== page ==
ANALYSIS Anna Ayeh 24 September 2021
The Coronavirus pandemic has dragged societal drawbacks into the light of public awareness worldwide – from deplorable conditions within health systems and profound shortcomings in digital infrastructures and education, to an intensifying wage inequality. A particular crystallization point of the crisis: gender relations. Early in 2020, experts bemoaned a rollback to the 50s for women in Germany as a result of closed schools and childcare facilities and an apparent return to post-war gender roles that render childcare a mainly female responsibility. Of even more existential significance is the rise of domestic violence resulting from lockdowns and contact restrictions. This “shadow pandemic”, as the UN call it, led to an increase of violence, sexual assault and femicide in the past months across the globe, including Africa. Liberia reported a 50% rise in gender-based violence in the first half of 2020. By June, governors of all 36 states of Nigeria had declared a state of emergency over gender-based violence. In Ghana, civil society representatives report “an alarming rise in violence against women and girls” since the onset of the pandemic, including sexual abuse, intimate partner violence, emotional and economic abuse, child abuse, and femicide, adding to long-standing forms of gender-based violence such as widowhood rites and widow inheritance, witchcraft accusations, and religious bondage. The diagnosis is striking: Before the pandemic, one in three women experienced physical or sexual violence, mostly by their intimate (ex-)partners. With lockdown measures in place, the domestic sphere – already a highly risky environment for women back then – became the new focal point of life and thereby heightened the vulnerability of women and children.
The Crisis Before “The Crisis”
It is important to note that the pandemic did not forge but aggravate the situation for women and children – a situation that has been labelled an “epidemic of domestic violence” more than a decade ago. Gender relations have been in crisis long before “the crisis.” Around the turn of the millennium, an incline of femicides shook Ghanaian society and triggered twofold activism: the counselling of and care for vulnerable people, and the legal-political impetus to issue legislation pertaining to domestic violence. Yet the memorandum to the first Domestic Violence Bill put forth in Parliament in May 2000 read surprisingly androcentric: While it explicitly referenced male persons several times, and used a couple of gender-neutral expressions, it failed to explicitly mention girls and women. Also, it reflected a reluctance to react to this epidemic with punitive measures. In 2003, the National Coalition on Domestic Violence Legislation was founded specially to push for legal measures in this respect. In 2007, Ghana witnessed the passing of the Domestic Violence Act which defined domestic violence and its relation to the country’s Criminal Code, as well as provisions for protecting victims, and which was, following protest of women’s rights advocates, amended to outlaw marital rape. At that time, a mere total of four African countries had domestic violence legislation. Only two years later, this number had risen to 28, with post-conflict states as pioneering forces compared to non-conflict states.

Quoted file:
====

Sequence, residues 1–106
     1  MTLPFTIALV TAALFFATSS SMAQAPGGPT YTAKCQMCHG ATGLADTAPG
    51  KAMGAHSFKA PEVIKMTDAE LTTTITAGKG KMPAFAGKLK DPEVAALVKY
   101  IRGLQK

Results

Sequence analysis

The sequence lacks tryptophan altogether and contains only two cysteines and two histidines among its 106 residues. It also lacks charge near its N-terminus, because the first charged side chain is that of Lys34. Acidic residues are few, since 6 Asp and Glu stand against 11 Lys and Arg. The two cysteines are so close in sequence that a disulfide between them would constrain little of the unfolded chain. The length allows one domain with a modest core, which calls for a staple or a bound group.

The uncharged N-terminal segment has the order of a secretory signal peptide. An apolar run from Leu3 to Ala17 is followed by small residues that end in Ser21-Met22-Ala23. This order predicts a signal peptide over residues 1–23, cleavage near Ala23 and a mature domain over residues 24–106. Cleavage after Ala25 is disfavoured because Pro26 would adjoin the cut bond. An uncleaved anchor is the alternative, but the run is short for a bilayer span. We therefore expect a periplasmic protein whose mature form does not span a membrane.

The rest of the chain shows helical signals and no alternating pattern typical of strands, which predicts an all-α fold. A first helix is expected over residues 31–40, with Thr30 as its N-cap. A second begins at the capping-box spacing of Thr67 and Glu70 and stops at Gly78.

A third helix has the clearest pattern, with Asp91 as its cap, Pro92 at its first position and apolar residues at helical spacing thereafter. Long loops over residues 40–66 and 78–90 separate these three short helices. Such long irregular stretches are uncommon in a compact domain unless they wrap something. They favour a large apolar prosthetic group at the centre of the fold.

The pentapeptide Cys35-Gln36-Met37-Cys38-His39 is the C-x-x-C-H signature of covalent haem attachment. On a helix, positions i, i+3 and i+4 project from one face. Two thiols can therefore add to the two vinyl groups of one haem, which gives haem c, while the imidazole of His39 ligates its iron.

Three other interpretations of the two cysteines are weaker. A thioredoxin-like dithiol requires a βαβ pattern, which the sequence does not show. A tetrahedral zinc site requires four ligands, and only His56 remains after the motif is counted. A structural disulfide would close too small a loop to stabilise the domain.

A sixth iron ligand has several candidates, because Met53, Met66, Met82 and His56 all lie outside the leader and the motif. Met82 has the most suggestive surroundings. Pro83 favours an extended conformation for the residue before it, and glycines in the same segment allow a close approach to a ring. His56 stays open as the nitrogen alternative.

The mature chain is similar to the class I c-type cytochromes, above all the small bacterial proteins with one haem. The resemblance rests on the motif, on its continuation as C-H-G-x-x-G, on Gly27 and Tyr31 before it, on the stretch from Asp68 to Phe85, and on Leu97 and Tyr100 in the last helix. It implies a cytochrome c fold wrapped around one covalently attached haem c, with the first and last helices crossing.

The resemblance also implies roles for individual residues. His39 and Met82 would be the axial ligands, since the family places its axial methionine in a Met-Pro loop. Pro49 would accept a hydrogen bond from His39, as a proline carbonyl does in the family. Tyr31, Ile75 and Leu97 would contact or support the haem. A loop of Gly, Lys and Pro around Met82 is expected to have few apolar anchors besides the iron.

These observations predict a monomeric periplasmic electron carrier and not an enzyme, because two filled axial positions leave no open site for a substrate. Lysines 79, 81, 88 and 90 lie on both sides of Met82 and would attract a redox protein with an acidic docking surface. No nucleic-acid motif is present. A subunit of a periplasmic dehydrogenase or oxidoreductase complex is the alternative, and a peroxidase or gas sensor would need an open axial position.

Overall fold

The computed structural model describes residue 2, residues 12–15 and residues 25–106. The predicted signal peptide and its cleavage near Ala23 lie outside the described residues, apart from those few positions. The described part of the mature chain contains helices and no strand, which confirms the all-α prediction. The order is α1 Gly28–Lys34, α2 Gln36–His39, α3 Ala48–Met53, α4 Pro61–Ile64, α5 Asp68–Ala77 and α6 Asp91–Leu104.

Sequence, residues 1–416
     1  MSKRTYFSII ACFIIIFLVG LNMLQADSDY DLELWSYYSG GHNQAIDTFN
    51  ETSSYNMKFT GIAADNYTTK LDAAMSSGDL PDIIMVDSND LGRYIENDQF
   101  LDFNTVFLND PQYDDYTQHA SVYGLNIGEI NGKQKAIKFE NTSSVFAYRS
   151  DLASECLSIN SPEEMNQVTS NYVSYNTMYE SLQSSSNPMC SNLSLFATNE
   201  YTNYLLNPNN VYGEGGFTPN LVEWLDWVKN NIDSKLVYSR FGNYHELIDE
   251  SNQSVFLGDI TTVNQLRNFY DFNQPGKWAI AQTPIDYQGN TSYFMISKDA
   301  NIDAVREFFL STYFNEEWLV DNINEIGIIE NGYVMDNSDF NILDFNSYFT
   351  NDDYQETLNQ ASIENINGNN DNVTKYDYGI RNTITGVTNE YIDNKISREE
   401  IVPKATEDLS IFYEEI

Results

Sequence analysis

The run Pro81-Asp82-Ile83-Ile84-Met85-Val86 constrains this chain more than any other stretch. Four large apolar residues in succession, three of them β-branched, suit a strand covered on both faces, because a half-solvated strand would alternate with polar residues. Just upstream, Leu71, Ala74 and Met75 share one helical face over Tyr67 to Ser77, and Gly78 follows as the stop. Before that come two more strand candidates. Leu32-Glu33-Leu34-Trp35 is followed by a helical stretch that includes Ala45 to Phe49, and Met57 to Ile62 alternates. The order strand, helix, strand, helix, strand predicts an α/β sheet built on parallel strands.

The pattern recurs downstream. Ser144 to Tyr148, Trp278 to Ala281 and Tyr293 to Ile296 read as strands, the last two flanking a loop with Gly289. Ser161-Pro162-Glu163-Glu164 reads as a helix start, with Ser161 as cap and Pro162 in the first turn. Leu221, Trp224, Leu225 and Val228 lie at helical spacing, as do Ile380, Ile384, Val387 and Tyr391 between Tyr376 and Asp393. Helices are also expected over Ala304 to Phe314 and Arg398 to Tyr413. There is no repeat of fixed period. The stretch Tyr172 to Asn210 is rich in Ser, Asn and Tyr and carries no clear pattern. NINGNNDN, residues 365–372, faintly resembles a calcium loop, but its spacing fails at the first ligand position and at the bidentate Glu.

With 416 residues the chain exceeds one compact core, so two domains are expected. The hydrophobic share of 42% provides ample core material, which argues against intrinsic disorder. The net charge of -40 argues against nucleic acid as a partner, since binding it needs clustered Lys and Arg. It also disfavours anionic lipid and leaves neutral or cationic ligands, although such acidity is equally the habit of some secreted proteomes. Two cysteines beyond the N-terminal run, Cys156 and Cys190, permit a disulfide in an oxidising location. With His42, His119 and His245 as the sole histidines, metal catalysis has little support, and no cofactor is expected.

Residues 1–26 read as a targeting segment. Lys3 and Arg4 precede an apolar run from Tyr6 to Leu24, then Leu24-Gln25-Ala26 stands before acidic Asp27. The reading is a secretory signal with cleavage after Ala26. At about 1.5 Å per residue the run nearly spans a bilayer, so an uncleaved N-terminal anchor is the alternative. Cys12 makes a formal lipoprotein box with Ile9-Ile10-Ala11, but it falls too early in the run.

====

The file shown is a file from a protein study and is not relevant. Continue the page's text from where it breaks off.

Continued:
Femicide: An Unresolved Danger